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World Cancer Day aims to further ‘Close The Care Gap’ amid positive progress for Scottish research

World Cancer Day aims to further ‘Close The Care Gap’ amid positive progress for Scottish research

3rd February 2023

The annual awareness day on 4 February aims to inspire action and drive momentum behind a three-year campaign to better understand and recognise inequities in cancer care around the globe.

Close The Care Gap is the 2023 theme and focuses on “uniting our voices and taking action” - celebrating real-world progress and building “stronger alliances and innovative new collaborations.”

Helping to fulfil that aim in Scotland, figures from NHS Research Scotland (NRS) show that cancer studies across Scotland are recovering well following the pandemic. This year (October 2021 to September 2022) there were 500 cancer studies active during the year – 33 more than the previous year, with over 900 additional patients taking part in clinical cancer studies.

This is important work – an estimated two out of five people in Scotland develop cancer in their lifetime. Around half of Scottish people diagnosed with cancer will survive for more than 10 years – a figure that has doubled in the last 40 years.

Robust research remains vital to accelerating this positive progress. Scotland’s highly developed research infrastructure – including clinical research networksdata safe havens and accredited tissue biorepositories – continues to support the delivery of high-quality cancer research across Scotland.

Taken together, it means a collective push to build stronger foundations for cancer studies, both now and in the future and supports the UK vision for clinical research (launched in 2021) to build on existing research strengths, work collaboratively, and ensure everyone can benefit from advances in healthcare.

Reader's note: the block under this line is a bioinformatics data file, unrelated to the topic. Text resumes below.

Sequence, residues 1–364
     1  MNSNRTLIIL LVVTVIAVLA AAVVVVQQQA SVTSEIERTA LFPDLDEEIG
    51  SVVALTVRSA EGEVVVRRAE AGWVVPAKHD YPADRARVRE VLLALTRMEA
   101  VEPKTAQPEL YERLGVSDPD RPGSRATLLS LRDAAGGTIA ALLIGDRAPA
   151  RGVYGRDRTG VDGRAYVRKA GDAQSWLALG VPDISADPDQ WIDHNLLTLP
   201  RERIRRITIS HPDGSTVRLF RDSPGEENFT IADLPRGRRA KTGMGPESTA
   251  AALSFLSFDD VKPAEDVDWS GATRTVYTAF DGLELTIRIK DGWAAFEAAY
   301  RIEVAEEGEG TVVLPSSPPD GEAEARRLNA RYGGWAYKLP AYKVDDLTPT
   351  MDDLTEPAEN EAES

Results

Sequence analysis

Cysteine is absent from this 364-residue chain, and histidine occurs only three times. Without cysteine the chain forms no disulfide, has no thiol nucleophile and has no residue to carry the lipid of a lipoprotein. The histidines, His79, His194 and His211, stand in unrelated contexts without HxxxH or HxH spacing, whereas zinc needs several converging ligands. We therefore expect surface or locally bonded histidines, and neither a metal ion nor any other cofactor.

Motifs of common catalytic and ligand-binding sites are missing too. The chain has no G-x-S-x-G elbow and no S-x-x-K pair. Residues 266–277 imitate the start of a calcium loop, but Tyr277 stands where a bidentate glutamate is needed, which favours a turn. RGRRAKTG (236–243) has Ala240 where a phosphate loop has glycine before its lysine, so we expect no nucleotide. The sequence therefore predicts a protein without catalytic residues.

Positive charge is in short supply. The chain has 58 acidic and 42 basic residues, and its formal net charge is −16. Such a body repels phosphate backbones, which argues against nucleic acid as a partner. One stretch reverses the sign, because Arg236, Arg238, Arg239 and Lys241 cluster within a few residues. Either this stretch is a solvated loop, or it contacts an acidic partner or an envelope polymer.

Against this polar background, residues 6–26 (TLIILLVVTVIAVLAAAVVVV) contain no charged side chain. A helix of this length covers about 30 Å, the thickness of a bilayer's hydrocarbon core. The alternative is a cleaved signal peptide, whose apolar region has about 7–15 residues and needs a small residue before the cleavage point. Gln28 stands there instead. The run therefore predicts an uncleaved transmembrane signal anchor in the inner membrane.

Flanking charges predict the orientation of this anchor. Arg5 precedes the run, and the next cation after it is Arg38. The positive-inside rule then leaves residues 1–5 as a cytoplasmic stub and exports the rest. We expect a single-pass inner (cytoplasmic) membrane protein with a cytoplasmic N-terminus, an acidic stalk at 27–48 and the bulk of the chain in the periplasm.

Professor David Cameron, NRS Cancer Research Champion and Professor of Oncology at the University of Edinburgh, said: “It is great to see positive progress in both volume of cancer studies and patient recruitment.

“The pandemic slowed the progress of cancer research in some instances, but Scotland’s commitment and expertise in clinical research shines through, and clinical research activity continues to increase.”

Just this month, it was announced that Scotland’s Experimental Cancer Medicine Centre’s (ECMC) based in Glasgow and Edinburgh will share £4million in funding to allow new, experimental treatments, including immunotherapies and cell therapies to be developed, for a wide variety of cancers especially those that particularly affect the Scottish population.

The funding will also help to improve existing treatments, especially through targeting therapies more precisely to the patient’s tumour, supporting trials across a wide range of treatments from innovative drug therapies to the latest advances in radiotherapy treatment.

Continued focus on cancer research remains a priority for both the Chief Scientist Office and NHS Research Scotland; and research, innovation and use of data were raised as priorities in the recent consultation of the Scottish Government ‘Cancer Strategy: draft vision, aims, and priority areas with a new 10-year cancer strategy and three-year action plan due to be published this spring.

Professor David Cameron adds, “It cannot be understated just how much trials have shaped the landscape of cancer testing and treatments available in Scotland for decades. Whilst the past few years have understandably been challenging, research is fundamentally at the core of a modern health system.

“The strategic policy landscape combined with investment in research infrastructure are supporting our aims to emerge from the pandemic stronger, and to adapt and innovate in our approach to cancer research.  

We want to ensure that any patient in Scotland affected by this life-changing disease can contribute to, and have the possibility of benefitting from, vital cancer research. World Cancer Day serves as a reminder of the enduring power of collaboration and collective action.”

For more information on NRS Cancer, visit

To find active cancer clinical trials visit and search by condition, drug or location.  

Join the conversation this World Cancer Day at or find the campaign on:


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